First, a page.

The latest issue for September 2017 is out!
Make sure you pick up a hard copy on the news stands or check out the online digital copy below! To be notified of the next issue, sign up here!
In the Northern Wilds, wolves are our neighbors. They are found everywhere on the landscape, including around the edges of urban areas such as Duluth and Thunder Bay. They appear in backyards and along roadsides. While they mostly avoid people, it isn’t unusual to see a wolf. You just can’t predict when and where such a sighting may occur.
Although they were extirpated across the rest of the Lower 48 during the 20th century, wolves have always been here. In Minnesota, they were placed on the federal Endangered Species List in 1974, where despite efforts to recognize a successful population recovery and delist them, they remain. Ironically, immediately across the border in Ontario, wolves have long been actively pursued by trappers and hunters. By all accounts a healthy population presently exists on both sides of the border.
Irony, conflict and controversy define human interaction with wolves. Revered by some and reviled by others, the wolf seems to be defined more by individual human perception than scientific reality. Too often, the prism through which we view the wolf is colored by emotion and pre-conceived notions, creating essentially a political animal. But out in forests of the Northern Wilds, the wolf remains simply a wolf.
In this issue, we’ve sent our writers in search of the wolves of reality and human perception. They sought out biologists, bureaucrats, natives, the keepers of the captive wolf pack at the International Wolf Center, photographers, hunters, dog owners and others, all with different prisms through which they view the animal. What emerges is a fairly complete picture of the modern wolf. Yet, we repeat, throughout time the wolf in the woods hasn’t changed. The modern wolf, if indeed such a creature exists, is the product of human perception.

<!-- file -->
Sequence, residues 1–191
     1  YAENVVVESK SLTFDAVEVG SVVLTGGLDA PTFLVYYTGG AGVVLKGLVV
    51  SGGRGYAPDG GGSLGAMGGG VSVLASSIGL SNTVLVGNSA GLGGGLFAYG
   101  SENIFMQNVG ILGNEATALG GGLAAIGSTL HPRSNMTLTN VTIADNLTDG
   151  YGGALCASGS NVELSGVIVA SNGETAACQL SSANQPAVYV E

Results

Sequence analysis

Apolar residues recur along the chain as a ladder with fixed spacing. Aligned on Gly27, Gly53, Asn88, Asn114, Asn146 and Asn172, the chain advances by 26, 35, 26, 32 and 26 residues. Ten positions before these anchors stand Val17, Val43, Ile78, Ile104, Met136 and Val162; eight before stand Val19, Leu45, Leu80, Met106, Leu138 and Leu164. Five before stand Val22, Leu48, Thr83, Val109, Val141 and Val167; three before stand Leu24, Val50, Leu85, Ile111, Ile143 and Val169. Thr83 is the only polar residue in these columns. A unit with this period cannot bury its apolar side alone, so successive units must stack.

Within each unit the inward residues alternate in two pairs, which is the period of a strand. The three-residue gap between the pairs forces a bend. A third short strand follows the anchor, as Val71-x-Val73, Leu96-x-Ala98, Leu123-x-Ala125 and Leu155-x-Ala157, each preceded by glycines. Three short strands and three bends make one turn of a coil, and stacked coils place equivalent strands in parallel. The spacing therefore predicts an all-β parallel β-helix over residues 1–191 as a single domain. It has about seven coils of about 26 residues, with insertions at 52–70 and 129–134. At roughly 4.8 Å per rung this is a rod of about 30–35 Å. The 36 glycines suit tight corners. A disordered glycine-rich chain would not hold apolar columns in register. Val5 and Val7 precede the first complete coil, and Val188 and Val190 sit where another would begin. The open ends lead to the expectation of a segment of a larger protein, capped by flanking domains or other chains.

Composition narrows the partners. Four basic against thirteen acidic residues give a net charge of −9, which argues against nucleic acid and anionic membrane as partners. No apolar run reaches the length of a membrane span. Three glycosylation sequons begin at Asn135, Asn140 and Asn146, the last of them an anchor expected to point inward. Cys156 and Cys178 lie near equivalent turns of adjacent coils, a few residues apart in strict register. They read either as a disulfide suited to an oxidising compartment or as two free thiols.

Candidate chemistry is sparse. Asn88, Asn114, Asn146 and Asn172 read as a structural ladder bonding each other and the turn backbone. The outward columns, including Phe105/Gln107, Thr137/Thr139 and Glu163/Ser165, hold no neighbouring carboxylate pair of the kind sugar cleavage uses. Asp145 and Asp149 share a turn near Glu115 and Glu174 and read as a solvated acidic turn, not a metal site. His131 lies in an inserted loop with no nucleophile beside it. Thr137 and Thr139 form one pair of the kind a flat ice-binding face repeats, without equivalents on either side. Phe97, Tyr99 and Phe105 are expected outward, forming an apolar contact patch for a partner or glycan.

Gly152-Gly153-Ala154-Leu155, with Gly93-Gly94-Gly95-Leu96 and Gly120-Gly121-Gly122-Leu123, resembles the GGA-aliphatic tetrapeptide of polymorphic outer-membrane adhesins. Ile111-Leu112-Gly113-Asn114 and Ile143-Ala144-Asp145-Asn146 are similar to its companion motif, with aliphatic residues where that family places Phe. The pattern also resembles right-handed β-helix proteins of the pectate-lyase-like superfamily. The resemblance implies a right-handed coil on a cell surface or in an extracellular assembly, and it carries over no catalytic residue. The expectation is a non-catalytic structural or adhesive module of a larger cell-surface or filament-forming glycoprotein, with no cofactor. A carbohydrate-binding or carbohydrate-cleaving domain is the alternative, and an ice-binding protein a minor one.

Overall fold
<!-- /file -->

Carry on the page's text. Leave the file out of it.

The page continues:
In this issue we also celebrate September, among the finest months of the year. It is a time of change, with the onset of autumn, the start of school and the culmination of harvest. It is also a month of music, art and festivals as you’ll discover in our Events section. In fact, the line-up of entertainment and events offered across the region this month is exceptional.
This is also a month for finding local foodstuffs in restaurants and markets. Maren Webb explores the various way local foods move from farm to table. Julia Prinselaar shows us how to incorporate wild ingredients into cocktails and mocktails. Jack Hennessy explains how to transform a northern pike into a tasty salad. Elle Andra-Warner explores some little-known Duluth aviation history. An early airplane, the Lark of Duluth, gave excursion rides from the Duluth Boat Club, because there were no landing strips in the city over 100 years ago.
We are offering a new contest, Date Night in Thunder Bay. The winner will receive a two-night stay at the Marriott, dinner for two at one of the local restaurants participating in Northern Delights Harvest, tickets to a Thunderwolves hockey game and a behind the scenes tour of the Magnus Theatre. Click Here to enter.—Shawn Perich and Amber Pratt